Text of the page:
@Nilzor: that shouldn't matter as pushing an element takes unit time, right? Otherwise, you can sort the elements that are not in the LIS. –  larsmans Oct 5 '12 at 15:24
Ok I see. I'll try to implement this then and get back to you when my unit tests pass :) –  Nilzor Oct 5 '12 at 15:27
I have added an example. –  krjampani Oct 5 '12 at 15:34
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Sort the array locally. Keep a copy of the original.

Compute the optimal edit sequence between the original array and the sorted version using LCS distance; that's the variant of Levenshtein distance where substitutions are not allowed. A simplified version of the dynamic programming algorithm for Levenshtein can be used to compute LCS distance. Look at the source code for programs such as `diff` to see how the edit sequence can be obtained from the dynamic programming table.

You now have an edit sequence, meaning a list of insertions and deletions to be performed to transform the original array into the sorted version. Perform the insertions. (You can skip the deletions since they'll be performed by your operation O, but be aware that indices into the arrays change because of that, so you'll have to compensate for that.)

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Understanding how diff works is no easy task. Maybe it would be better if he just used diff as a black box, from his program. –  Eduardo Oct 5 '12 at 15:22
@Eduardo: sure, that's a possibility. I have no idea whether `diff` is available in .NET environments. –  larsmans Oct 5 '12 at 15:24
Why the downvote? –  larsmans Oct 5 '12 at 15:37
not from me! I didn't downvote you. –  Eduardo Oct 5 '12 at 15:49
I wish that every time someone left an unexplained downvote, they got struck by lightning. –  Wug Oct 5 '12 at 16:52
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Search for the longest sorted subsequence, and shift each unsorted element into it's correct position.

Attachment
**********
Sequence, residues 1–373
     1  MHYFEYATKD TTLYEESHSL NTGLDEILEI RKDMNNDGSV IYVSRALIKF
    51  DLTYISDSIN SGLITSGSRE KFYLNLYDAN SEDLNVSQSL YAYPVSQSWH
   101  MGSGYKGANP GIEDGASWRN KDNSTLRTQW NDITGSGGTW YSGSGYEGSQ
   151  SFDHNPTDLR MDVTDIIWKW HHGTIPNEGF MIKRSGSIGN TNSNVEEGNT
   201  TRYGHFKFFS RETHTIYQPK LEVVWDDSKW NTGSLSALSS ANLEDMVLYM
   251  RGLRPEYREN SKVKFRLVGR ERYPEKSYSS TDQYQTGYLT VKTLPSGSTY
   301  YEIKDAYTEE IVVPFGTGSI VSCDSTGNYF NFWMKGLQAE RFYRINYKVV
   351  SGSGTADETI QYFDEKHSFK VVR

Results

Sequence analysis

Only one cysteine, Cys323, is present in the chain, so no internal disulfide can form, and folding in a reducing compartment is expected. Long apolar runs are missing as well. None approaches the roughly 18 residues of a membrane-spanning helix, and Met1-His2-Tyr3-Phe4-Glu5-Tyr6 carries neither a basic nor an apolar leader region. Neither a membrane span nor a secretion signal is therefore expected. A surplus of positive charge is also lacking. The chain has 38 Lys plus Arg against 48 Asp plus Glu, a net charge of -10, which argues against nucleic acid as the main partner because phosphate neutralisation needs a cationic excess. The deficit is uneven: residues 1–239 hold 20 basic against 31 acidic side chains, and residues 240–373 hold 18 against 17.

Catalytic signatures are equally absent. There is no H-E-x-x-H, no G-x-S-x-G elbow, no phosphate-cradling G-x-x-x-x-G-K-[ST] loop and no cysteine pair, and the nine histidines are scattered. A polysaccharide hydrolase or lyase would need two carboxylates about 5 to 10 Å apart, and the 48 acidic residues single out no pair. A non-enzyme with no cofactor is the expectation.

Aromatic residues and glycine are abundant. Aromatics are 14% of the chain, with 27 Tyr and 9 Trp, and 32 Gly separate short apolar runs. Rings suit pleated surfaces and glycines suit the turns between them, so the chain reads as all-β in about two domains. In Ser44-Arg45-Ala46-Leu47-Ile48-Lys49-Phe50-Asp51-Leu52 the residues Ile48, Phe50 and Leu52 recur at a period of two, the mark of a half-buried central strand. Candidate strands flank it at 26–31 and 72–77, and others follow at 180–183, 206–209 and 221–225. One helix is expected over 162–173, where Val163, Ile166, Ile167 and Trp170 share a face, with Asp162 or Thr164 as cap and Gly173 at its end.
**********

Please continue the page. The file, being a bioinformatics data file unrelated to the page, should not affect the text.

``````start: 2,3,4,5,6,7,8,9,1 (O = 0)
LSS:   2,3,4,5,6,7,8,9
step:  1,2,3,4,5,6,7,8,9 (O = 1)

start: 9,1,2,3,4,5,6,7,8 (O = 0)
LSS:   1,2,3,4,5,6,7,8
step:  1,2,3,4,5,6,7,8,9 (O = 1)
``````

One of mine:

``````start: 9,3,1,7,2,8,5,6,4 (O = 0)
LSS:   1,2,5,6
step:  3,1,7,2,8,5,6,9,4 (O = 1)
LSS:   1,2,5,6,9
step:  1,7,2,3,8,5,6,9,4 (O = 2)
LSS:   1,2,3,5,6,9
step:  1,2,3,8,5,6,7,9,4 (O = 3)
LSS:   1,2,3,5,6,7,9
step:  1,2,3,5,6,7,8,9,4 (O = 4)
LSS:   1,2,3,5,6,7,8,9
step:  1,2,3,4,5,6,7,8,9 (O = 5)
``````

You'll need an algorithm to identify the LSS. You only need to use it once, after you have it, you can just insert elements into it as you sort.

Pseudocode:

``````function O(oldindex, newindex):
# removes oldindex from list, shifts elements, inserts at newindex

function lss(list):
# identifies the LSS of a list and returns it in a cheap temporary list

function insert(index, element, list):
# inserts specified specified element into specified index in specified list
# elements at and after specified index are shifted down to make room

function sort(input):
lss_temp_list = lss(input)                     # get lss of input list

do until lss == input:
old = any(index where (input[index] not in lss)# item in input; not in lss

# getting new index is uglier
nl = min(X where (X > input[old] and X in lss))# next lowest element in lss
nh = max(X where (X < input[old] and X in lss))# next highest element in lss

new = any(index                                # index of next lowest/highest
where ((input[index + 1] == nl and nl exists)
or (input[index + 1] == nh and nh exists))

O(old, new)                                    # list shift

il = min(index where (lss[index] > input[new]))# index of next lowest in lss
ih = max(index where (lss[index] < input[new]))# index of next highest in lss
i = any(X where (X == il or X == (ih + 1)))    # index to insert element
insert(i, input[new], lss)                     # add new element to lss
repeat
return input
``````

Apologies for the wonky pseudocode style, I was trying to make it narrow enough to not make the code block need a scroll bar.

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Optimized for fewest number of calls to O but not for shortest total move distance. I know this is a hypothetical question, but depending on the implementation, total move distance might be more important. –  Wug Oct 5 '12 at 16:51
Upvoted for the examples and the code. –  krjampani Oct 5 '12 at 20:17